:: Specific Design Brief

CAT 1:
Biodegradable Waste - further information


OPEN-ENDED BRIEF: There is increasing concern about the impact of putting biodegradable waste into landfill sites, mainly because of the methane it then gives off. Design a way of dealing with biodegradable waste in a way that does not cause pollution and has a useful product.

A: Design and make a compost bin suitable for disposing of bio-degradable waste produced in your school.

B: Design and make a compost bin suitable for disposing of bio-degradable waste produced in the home.

• Is the product something that people want and need?
• Will it always be wanted and needed? Is it subject to the whims of fashion? Is it economically feasible to make the product given the whims of fashion and the marketplace?
• Who would benefit the most from this product given their available income and their local environment?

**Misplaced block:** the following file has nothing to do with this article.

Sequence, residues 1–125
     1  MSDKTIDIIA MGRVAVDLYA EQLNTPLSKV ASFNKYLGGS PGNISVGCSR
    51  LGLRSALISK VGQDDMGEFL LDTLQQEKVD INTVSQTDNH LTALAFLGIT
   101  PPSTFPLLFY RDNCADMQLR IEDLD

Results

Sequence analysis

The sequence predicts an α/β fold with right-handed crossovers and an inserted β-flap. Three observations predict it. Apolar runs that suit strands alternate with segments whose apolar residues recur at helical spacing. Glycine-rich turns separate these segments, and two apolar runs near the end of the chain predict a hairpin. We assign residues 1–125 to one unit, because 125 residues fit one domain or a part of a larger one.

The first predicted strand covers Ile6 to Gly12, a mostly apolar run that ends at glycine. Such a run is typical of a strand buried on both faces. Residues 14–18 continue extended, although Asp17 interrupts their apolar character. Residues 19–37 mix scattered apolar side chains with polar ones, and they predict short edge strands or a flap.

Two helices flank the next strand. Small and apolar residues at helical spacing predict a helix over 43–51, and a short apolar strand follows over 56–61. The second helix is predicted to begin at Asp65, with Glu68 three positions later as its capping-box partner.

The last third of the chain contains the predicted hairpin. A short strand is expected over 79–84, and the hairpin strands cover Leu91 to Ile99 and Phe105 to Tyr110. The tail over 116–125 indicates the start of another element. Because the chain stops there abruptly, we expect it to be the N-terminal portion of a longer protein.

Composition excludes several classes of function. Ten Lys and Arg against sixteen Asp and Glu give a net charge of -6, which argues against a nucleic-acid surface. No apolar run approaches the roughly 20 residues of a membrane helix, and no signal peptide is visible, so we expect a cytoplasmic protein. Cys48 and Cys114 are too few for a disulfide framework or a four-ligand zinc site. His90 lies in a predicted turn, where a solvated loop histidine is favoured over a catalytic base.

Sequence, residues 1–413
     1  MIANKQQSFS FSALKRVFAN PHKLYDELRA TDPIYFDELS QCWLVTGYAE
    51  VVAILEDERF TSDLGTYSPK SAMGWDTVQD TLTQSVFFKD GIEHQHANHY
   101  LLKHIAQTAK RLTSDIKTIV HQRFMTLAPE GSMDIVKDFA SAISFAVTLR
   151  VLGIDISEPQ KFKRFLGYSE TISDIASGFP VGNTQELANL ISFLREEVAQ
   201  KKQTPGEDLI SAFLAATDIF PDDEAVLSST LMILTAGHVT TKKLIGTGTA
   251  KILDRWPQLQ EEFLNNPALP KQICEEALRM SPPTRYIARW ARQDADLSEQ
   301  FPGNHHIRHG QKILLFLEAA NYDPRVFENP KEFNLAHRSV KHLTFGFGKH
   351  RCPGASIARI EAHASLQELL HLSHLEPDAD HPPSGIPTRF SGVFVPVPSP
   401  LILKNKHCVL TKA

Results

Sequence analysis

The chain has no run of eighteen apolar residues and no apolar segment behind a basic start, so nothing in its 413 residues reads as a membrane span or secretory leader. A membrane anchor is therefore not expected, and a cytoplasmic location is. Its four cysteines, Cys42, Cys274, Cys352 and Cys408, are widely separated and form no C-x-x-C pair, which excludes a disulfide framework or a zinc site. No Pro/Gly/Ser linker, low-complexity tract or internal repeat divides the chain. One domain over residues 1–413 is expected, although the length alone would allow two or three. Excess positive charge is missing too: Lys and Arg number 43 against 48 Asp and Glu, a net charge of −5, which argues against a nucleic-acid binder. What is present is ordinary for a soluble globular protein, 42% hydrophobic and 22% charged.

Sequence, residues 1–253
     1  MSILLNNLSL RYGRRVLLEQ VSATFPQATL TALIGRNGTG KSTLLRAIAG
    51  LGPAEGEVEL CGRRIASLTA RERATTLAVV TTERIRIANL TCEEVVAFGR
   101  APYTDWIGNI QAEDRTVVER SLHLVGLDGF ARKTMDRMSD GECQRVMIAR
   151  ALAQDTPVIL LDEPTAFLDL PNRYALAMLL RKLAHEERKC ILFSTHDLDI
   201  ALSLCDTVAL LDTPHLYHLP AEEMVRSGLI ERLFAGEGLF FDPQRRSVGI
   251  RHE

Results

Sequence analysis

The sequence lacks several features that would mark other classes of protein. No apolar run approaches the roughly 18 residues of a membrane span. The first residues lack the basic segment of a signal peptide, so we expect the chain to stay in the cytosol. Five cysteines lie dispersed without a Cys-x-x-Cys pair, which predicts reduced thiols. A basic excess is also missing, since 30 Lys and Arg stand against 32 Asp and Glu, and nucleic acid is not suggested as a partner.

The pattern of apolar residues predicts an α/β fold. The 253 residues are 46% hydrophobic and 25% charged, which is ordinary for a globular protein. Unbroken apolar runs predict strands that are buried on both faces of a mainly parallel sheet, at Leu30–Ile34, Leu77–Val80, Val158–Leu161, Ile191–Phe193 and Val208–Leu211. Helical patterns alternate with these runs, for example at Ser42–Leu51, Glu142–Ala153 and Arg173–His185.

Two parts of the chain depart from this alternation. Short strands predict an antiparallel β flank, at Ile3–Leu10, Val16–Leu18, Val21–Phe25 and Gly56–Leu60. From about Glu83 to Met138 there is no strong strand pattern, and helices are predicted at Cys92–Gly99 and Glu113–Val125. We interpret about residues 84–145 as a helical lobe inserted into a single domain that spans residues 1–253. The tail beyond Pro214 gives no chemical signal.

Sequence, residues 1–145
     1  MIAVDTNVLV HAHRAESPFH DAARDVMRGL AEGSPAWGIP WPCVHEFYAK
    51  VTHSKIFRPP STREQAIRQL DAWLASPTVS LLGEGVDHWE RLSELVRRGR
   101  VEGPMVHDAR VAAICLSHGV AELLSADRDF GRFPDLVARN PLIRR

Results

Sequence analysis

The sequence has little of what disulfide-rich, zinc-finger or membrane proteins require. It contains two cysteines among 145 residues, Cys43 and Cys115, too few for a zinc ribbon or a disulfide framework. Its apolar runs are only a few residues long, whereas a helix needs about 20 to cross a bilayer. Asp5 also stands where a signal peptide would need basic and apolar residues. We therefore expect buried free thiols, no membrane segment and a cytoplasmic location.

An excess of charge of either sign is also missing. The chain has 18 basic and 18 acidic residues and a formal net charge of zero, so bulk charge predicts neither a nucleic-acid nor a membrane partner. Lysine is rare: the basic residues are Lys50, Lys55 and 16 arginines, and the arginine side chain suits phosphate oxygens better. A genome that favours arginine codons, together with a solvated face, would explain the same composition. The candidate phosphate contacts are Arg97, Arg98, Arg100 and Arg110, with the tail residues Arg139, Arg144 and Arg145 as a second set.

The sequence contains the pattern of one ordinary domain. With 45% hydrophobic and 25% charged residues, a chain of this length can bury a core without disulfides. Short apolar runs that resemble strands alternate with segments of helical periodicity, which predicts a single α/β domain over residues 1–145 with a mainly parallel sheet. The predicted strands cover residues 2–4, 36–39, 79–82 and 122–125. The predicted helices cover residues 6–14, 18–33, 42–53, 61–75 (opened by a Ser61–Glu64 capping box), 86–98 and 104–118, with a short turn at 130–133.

• Will production (and any subsequent repair, recycling) provide work to help people earn money?
• Which raw materials will be used? Are they renewable?
• What pollution is caused by the extraction and processing of the raw materials?
• How will the product be manufactured?
• What other materials are needed in order to use the product? (eg fixings, surface paints or varnishes)
• Can the product be made locally using local skills and local materials?
• How much energy is used at different stages of the products lifecycle?
• How will the product be packaged?
• How will the product be sold / transported to the shops?
• How will the product be promoted / marketed?
• How will it be used? Will it only be used for its intended purpose? How many times will it be used before being thrown away?
• How will it be disposed of after use?
• Could it be repaired? Re-used? Re-cycled?
• Can the product be easily repaired using local materials? How many parts can go wrong? How likely are they to go wrong?
• Materials can be selected to minimise their initial environmental impact.
• The issue of balancing this against the product life can be explored – early replacement simply leads to increased environmental load.
• Structural analysis can be applied to ensure that the size of all components is appropriately minimised
• Styling needs to be explored. There is no point in extending the life of a product in a ‘technical sense’ if it simply becomes redundant in a ‘fashion sense’. For a long product life, a ‘design classic’ is the target.